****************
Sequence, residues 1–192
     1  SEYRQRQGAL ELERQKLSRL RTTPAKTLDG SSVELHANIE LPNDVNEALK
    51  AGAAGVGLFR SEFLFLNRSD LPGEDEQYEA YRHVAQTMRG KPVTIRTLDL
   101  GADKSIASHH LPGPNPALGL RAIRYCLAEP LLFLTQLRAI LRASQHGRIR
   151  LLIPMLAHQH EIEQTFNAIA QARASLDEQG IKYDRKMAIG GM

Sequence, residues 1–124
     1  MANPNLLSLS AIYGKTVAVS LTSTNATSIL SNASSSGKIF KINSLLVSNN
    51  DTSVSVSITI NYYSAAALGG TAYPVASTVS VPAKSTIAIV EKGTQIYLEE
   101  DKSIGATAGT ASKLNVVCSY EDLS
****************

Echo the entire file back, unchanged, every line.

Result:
Sequence, residues 1–192
     1  SEYRQRQGAL ELERQKLSRL RTTPAKTLDG SSVELHANIE LPNDVNEALK
    51  AGAAGVGLFR SEFLFLNRSD LPGEDEQYEA YRHVAQTMRG KPVTIRTLDL
   101  GADKSIASHH LPGPNPALGL RAIRYCLAEP LLFLTQLRAI LRASQHGRIR
   151  LLIPMLAHQH EIEQTFNAIA QARASLDEQG IKYDRKMAIG GM

Sequence, residues 1–124
     1  MANPNLLSLS AIYGKTVAVS LTSTNATSIL SNASSSGKIF KINSLLVSNN
    51  DTSVSVSITI NYYSAAALGG TAYPVASTVS VPAKSTIAIV EKGTQIYLEE
   101  DKSIGATAGT ASKLNVVCSY EDLS